- the “block,” where one player attempts to smother an opposing player’s strike by trapping the ball between his hurl and the opponent’s swinging hurl
- the “hook,” where a player approaches another player from a rear angle and attempts to catch the opponent’s hurl with his own at the top of the swing
- the “side pull,” where two players running together for the sliotar will collide at the shoulders and swing together to win the tackle and “pull” (swing the hurl) with extreme force.
Players may be tackled but not struck by a one handed slash of the stick; exceptions are two handed jabs and strikes. Jersey-pulling, wrestling, pushing and tripping are all forbidden.
Refereeing and Judging
The MHC has been built on the effort of its members, all volunteers. An excellent example of this contribution is game day officiating. Each week your team plays a game, your team will also be scheduled to officiate a game that will be played either before or after your game on that same day. Each team will provide 1 referee (team captain), 1 sideline judge (team volunteer), 2 goal judges (team volunteers) and 1 score keeper (team volunteer). Each club member is expected to officiate a minimum of 2 games per season.
- 2 Referees (on field): The referee is responsible for:
- starting and stopping play
- recording the score
- keeping the time
- awarding free pucks
- noting infractions
- issuing penalty cards after offences
- yellow (caution)
- red (ejection)
- A second yellow card during the same game leads to a red card, and therefore to a dismissal.
- 2 Sideline Judges (sideline): Linesmen are responsible for:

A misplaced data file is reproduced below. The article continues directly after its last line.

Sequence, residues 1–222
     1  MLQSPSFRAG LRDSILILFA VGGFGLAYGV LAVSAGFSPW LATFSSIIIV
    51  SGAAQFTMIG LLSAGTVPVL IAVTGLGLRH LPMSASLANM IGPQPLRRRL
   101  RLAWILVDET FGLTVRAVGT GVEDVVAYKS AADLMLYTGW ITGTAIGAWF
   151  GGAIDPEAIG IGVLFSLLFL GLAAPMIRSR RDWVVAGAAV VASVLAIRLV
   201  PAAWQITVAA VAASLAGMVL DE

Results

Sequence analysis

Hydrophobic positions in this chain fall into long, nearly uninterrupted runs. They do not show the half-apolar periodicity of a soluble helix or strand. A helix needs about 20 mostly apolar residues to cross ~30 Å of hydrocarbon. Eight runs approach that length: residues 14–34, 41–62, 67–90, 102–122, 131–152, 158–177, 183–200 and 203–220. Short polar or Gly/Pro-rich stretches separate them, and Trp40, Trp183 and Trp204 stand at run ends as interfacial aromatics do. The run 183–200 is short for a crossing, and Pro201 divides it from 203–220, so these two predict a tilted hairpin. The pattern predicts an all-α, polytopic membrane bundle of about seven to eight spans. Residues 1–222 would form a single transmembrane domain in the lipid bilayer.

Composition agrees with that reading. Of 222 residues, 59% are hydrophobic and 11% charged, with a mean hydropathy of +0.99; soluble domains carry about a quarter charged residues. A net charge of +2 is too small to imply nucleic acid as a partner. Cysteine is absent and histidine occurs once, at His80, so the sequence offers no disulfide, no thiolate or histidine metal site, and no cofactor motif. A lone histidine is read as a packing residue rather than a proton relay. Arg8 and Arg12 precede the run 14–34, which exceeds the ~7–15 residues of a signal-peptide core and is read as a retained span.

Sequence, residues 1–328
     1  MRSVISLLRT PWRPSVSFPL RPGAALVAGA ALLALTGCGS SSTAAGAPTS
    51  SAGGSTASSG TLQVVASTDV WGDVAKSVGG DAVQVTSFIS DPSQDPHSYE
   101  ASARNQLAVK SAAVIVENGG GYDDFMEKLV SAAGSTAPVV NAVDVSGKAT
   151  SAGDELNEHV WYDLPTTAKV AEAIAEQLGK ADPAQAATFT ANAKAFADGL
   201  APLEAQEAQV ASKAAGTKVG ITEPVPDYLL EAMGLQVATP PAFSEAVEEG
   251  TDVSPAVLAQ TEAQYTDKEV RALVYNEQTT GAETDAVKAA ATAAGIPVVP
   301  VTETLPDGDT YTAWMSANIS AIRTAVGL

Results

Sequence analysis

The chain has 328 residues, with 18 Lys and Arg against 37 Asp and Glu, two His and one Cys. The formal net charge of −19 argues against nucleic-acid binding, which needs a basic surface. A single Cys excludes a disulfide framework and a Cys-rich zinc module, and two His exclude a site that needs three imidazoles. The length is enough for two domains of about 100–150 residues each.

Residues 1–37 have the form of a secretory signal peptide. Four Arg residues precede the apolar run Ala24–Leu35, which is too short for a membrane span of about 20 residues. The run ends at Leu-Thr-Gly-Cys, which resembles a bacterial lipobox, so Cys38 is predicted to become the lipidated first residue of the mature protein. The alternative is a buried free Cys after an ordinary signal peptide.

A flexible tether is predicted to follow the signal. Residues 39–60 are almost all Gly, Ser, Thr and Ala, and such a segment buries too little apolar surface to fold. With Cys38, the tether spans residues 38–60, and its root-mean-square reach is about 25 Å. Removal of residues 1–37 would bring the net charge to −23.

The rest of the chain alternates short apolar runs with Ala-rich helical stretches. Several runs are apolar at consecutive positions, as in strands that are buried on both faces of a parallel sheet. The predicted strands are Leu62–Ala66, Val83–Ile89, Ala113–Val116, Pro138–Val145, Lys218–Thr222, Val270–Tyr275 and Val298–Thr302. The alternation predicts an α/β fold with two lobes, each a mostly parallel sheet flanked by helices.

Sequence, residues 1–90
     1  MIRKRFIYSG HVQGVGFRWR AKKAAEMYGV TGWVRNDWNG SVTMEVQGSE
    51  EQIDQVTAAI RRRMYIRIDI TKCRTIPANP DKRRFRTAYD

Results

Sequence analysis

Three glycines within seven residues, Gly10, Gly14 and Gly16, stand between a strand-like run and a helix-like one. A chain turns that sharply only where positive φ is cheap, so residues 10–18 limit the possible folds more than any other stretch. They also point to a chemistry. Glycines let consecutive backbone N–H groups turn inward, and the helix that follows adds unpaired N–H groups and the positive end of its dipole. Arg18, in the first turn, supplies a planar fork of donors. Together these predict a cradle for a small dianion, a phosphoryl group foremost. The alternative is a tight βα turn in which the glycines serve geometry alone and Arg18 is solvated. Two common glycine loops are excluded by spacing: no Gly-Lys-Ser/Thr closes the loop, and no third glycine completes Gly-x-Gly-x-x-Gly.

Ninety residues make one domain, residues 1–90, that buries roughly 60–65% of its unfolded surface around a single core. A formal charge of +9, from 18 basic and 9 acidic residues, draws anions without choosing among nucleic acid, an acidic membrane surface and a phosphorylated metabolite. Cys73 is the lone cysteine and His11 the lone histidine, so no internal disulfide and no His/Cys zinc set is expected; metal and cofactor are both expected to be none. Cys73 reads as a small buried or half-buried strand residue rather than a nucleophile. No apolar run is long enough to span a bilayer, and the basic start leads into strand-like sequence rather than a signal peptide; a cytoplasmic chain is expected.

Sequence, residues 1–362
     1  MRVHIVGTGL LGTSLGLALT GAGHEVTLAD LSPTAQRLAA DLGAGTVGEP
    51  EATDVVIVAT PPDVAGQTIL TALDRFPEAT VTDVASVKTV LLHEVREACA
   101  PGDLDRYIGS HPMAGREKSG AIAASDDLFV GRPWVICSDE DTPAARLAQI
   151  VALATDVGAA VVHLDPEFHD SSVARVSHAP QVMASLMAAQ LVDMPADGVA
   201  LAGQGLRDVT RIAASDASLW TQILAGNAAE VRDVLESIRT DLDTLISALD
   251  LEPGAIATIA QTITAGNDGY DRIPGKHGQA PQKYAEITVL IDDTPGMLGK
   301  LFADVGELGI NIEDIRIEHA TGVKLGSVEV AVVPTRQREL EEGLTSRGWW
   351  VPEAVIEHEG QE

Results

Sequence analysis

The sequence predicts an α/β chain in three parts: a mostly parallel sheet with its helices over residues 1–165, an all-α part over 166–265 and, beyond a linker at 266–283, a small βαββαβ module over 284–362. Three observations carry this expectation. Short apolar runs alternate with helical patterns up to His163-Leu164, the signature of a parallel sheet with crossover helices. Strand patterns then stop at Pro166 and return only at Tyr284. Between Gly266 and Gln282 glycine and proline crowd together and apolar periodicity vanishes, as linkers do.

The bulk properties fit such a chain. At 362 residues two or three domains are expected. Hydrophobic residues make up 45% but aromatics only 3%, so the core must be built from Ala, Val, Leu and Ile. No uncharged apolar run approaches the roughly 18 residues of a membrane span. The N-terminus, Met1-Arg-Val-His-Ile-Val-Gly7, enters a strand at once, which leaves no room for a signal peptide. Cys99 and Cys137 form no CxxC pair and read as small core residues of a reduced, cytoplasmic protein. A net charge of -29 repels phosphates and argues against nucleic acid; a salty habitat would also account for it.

- indicating when the ball, not the body of the player, entirely crosses the sideline in the air or on the ground
- indicating where it went out and the direction in which a sideline cut will take place
- 4 Goal Judges (two at each end): The Goal Judges are responsible for judging the scoring. They indicate to the referee whether a shot was:
- offensive team strikes the ball wide of the goal or uprights and over the end-line
- spread both arms
- a 65m free puck
- defending team strikes the ball over the end-line
- raise one arm
- stand where the ball crossed the end-line
- a point
- ball crosses the end-line into the goal
- wave white flag
- a goal
- the ball crosses the end-line into the goal
- wave green flag
POSITIONS / RESPONSIBILITIES
- Goalkeeper: The role of a goalkeeper is to prevent the ball from entering the goal. The goalkeeper in hurling has the role of pucking the ball out to the outfield players. A good goalkeeper most often has great agility and bravery as well as strength and height.
- Full Back: The full back plays most often around the 20-meter line closest to the goalkeeper and is responsible for keeping the ball away from the goal while closely marking the opposing team’s Full Forward.
- Half Back: The half back operates most often in between the 45-meter line and the midfield. The half back is expected to defend against the opposition’s half forward line but also has a responsibility to make runs from the 45-meter line to advance the play to the half forward and full forward lines.
- Midfielder: The midfield is often described as the most important role on the pitch. If the opposing goalkeeper is pucking the ball to the middle of the field, the midfielder has the responsibility to retrieve the ball and prevent the opposing team from taking advantage and bringing the ball forward, which then gives a new responsibility to the midfielder to get the ball moving forward to the half forward and full forward lines.
- Half Forward: The half forward covers a lot of ground, and using a speedy half forward to run at defenses is a common tactic. the half forward operates from the midfield to the opposition’s 45-meter line. The right half forward’s main opposing player is the left half back and vice versa.
- Full Forward: The full forward line operates around the opposition’s 21-meter line. The full forward is generally marked by the full back. It is common for teams to employ a tall full forward to pluck high balls from the sky and to challenge the size and strength of the full back